The strategy developed to promote EI was founded on learning from prior change-making
efforts. Success of the EI initiative would require:
- A method for calibrating progress,
- Top level commitment to change,
- The skills with which to behave differently in the workplace,
- A mechanism for broadcasting involvement and its affects on the business,
- A mechanism for recycling learning from accomplishment.
Progress was calibrated by yearly measurement of involvement conducted in every
suborganization within OPS. Top level commitment to change would be demonstrated
by leadership learning and using the skills needed to implement EI before the
rest of the organization and actively promoting EI through changes in their
own manner of performance. The key competencies required to implement EI were
an understanding of EI and how to detect its presence in the workplace and skills
in getting and giving information and ideas so that people could work together
to build better solutions to the issues and opportunities they encountered.
The core mechanism for broadcasting involvement used the Working With Others
(WWO) training sessions (Byron and Bierley, 2003). As the central mechanism
for broadcasting its results, the head of the organization included feedback
on progress and accomplishment is his weekly telephone conferences with his
subordinates and in all his presentations to employees (i.e., face-to-face,
in-house TV). Two mechanisms for recycling learning from accomplishment were:
- A yearly planning function in which managers reviewed the status of EI within
their organizations and set personal targets and developed plans for achieving
- A similar planning session focusing on the organization as a whole completed
by an EI Advisory Committee made up of employees and managers.
The WWO training sessions conducted during the first two years of the initiative
emphasized teaching the knowledge and skills needed to elevate involvement and
using them immediately to engage employees in making quality improvements to
the business. The WWO training format was adapted to these ends. The WWO materials
were tailored to teach getting and giving skills in the context of building
an understanding of EI, completing an assessment of the current state of EI
in the workplace, and identifying and resolving a quality improvement challenge.
Action teams were spawned from these sessions to follow through on making changes
that were not achievable within the WWO sessions. The WWO sessions, which were
completed in either one or two days, simultaneously taught the skills needed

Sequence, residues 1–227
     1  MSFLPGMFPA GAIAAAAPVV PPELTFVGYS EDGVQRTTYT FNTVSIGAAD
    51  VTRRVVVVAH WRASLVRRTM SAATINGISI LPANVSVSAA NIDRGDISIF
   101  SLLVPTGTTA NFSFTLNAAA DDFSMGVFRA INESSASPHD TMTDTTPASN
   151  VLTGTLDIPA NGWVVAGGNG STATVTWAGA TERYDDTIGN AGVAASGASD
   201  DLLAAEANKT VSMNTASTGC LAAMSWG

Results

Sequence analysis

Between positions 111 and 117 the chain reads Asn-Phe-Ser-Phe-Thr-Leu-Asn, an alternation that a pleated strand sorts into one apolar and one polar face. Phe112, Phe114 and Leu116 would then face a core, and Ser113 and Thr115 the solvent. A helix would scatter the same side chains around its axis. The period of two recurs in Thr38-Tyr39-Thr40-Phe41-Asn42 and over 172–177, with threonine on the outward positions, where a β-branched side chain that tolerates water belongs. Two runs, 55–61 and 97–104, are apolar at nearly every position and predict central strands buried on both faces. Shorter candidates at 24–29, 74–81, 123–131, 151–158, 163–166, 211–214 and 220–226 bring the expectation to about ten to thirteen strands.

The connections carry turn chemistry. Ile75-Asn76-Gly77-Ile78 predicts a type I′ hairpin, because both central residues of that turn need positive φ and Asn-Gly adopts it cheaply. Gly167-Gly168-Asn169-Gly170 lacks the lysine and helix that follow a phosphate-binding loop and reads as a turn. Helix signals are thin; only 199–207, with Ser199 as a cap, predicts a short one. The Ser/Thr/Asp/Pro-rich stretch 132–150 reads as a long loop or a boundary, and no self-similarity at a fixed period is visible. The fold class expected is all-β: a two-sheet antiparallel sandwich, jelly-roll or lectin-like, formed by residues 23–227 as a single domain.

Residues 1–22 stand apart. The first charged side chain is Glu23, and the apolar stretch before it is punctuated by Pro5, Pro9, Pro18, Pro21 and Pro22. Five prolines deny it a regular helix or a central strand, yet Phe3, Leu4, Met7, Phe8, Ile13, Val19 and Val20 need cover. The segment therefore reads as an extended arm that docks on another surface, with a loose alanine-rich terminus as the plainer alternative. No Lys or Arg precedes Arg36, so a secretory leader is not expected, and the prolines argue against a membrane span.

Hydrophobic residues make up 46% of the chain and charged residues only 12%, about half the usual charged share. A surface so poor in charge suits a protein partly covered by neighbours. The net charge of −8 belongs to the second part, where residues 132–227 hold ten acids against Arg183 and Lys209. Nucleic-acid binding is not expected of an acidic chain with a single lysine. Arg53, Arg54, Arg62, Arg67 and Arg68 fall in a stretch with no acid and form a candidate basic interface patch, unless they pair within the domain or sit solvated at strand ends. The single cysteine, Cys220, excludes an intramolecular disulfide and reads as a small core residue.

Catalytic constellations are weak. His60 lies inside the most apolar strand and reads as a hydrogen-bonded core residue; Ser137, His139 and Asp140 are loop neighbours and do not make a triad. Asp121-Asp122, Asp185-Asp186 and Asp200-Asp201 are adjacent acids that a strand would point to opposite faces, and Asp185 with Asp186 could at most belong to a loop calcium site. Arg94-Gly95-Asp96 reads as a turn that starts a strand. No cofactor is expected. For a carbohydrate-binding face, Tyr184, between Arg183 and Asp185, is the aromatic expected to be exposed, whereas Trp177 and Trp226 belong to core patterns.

to enable constructive involvement, involved employees immediately in the business,
and generated business benefits from greater employee involvement.
Prior to the rollout of these sessions, the organization was readied to receive
the EI initiative by presentations about the findings of the exemplar study
and what it suggested about how the business needed to move forward so that
it realized its commitment to excellence.
The rollout began with top management participating in WWO sessions. Next,
these leaders produced a video in which they displayed their use of the WWO
skills while educating about EI and exploring their own personal insights into
the benefits EI offered employees and the business. The WWO sessions continued
through the management levels to touch every employee. Along the way, session
participants were identified who had interest in becoming leaders of WWO sessions,
train its skills, and eventually coach their suborganizations in using teamed
approaches to solving local problems and uncovering and realizing business opportunities.
Within two years, every member of OPS received training in these core skills
and processes and participated in making quality improvements to their business.
More than 100 trainer-coaches were developed to support teaming within local
organizations. An EI Advisory Committee was established to carry forward the
work of promoting EI. Members of the advisory group represented all employee
levels from hourly wage employees through top management.
Subsequent to the rollout phase, the EI Advisory Committee used the results
of the EI assessments to uncover new activities that would further organizational
adoption of EI. They initiated a yearly organizationwide EI assessment that
was completed by survey. The survey replicated the EI model previously taught
and used to make the baseline assessment of the organization.
WWO sessions continued for training new hires in the knowledge and skills needed
to be involved. Apart from training new hires, the WWO session structure was
used to involve employees in problem solving workplace issues, generating quality
improvements, and uncovering and executing ways to accomplish yearly business
drivers (e.g., safety improvements, cost reduction, improved customer satisfaction,
reduced service interruptions). These sessions always began with a review of
the getting and giving skills and then used them to address whatever business
issue was the subject of the meeting. This sustained use of WWO sessions strengthened
the commitment to good communications and simultaneously accomplished ever-broader
use of EI. One highly significant special use of the sessions was to facilitate
the integration of an entire new organization into OPS. This integration occurred